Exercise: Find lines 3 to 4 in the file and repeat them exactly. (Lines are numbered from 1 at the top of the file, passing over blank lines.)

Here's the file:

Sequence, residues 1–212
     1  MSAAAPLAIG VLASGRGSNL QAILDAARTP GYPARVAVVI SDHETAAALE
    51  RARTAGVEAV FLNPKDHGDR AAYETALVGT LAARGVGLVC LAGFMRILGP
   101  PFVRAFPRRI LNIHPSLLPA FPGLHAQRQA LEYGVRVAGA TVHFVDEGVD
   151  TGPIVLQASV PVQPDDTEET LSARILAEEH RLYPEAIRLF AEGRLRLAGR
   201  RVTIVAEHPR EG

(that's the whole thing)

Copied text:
    51  RARTAGVEAV FLNPKDHGDR AAYETALVGT LAARGVGLVC LAGFMRILGP
   101  PFVRAFPRRI LNIHPSLLPA FPGLHAQRQA LEYGVRVAGA TVHFVDEGVD